Mixed-methods assessment of health and mental health characteristics and barriers to healthcare for Ebola survivors in Beni, Butembo and Katwa health zones of the Democratic Republic of Congo

Lynn Lieberman Lawry, Nancy Stroupe Kannappan, Covadonga Canteli, William Clemmer

Research output: Contribution to journalArticlepeer-review

1 Scopus citations

Abstract

Objectives Health and mental health characteristics of all respondents, barriers to accessing health and mental health services and the characteristics and those most at risk for mental health disorders. Setting Beni, Butembo and Katwa health zones in the Democratic Republic of Congo. Participants The sample contained 223 Ebola survivors, 102 sexual partners and 74 comparison respondents living in the same areas of the survivors. Survivors were eligible if aged >18 years with confirmed Ebola-free status. The comparison group was neither a survivor nor a partner of a survivor and did not have any household members who contracted Ebola virus disease (EVD). Primary and secondary outcome measures Health and mental health characteristics, barriers to care and the association of association of mental health disorders with study population characteristics. Results Funding was a barrier to accessing needed health services among all groups. Nearly one-third (28.4%, 95% CI 18.0% to 38.7%) of comparison households avoided getting injections for their children. Although most pregnant women were attending antenatal care, less than 40% of respondents stated EVD precautions were discussed at those visits. Trouble sleeping and anger were the strongest predictors of post-traumatic stress disorder, major depressive disorder (MDD), anxiety and suicide attempts with 3-fold to 16-fold increases in the odds of these disorders. There was a 71% decrease in the odds of MDD if current substance abuse (aOR 0.29; 95% CI 0.13 to 0.67; p<0.01) was reported. Conclusions Specialised mental health services were limited. Fear of contracting EVD influenced vaccine compliance. Anger and sleep disorders significantly increased the odds of mental health disorders across all groups. Respondents may be using substance abuse as self-medication for MDD. Ebola outbreak areas would benefit from improved screening of mental health disorders and associated conditions like anger and sleep difficulties and improved mental health services that include substance abuse prevention and treatment.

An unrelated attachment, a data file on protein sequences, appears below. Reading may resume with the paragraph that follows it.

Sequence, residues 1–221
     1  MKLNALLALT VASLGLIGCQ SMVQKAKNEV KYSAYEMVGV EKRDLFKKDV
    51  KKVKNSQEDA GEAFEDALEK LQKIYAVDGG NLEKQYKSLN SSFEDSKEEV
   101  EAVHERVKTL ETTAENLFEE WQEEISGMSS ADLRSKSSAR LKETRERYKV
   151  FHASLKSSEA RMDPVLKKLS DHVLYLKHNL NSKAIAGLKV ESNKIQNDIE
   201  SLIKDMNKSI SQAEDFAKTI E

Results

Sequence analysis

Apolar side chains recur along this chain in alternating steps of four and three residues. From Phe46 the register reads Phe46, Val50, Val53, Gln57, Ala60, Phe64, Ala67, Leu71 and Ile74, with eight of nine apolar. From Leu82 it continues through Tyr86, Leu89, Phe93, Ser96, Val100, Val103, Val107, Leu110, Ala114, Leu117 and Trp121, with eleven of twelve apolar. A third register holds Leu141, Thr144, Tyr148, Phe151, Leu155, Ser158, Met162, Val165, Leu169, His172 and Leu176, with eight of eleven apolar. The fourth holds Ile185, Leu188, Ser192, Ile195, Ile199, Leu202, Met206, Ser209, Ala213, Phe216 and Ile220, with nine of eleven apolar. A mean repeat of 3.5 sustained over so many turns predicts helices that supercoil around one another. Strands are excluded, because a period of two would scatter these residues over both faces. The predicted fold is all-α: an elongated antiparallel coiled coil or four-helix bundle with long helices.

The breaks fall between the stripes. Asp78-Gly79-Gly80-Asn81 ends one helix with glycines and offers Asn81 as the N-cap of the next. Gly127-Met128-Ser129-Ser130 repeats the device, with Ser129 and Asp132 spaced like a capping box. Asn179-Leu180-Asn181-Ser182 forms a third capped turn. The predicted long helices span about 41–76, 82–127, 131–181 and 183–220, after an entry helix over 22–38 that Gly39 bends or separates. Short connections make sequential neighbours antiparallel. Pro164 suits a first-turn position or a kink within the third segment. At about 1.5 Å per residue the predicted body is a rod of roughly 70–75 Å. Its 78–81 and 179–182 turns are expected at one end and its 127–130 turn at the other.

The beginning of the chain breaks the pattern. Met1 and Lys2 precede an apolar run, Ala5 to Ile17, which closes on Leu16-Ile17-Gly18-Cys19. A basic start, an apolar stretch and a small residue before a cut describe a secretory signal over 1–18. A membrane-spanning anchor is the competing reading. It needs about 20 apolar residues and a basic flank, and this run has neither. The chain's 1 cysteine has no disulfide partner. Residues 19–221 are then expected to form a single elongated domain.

Original languageEnglish (US)
Article numbere050349
JournalBMJ open
Volume11
Issue number8
DOIs
StatePublished - Aug 11 2021
Externally publishedYes

Keywords

  • anxiety disorders
  • epidemiology
  • public health

ASJC Scopus subject areas

  • Medicine(all)

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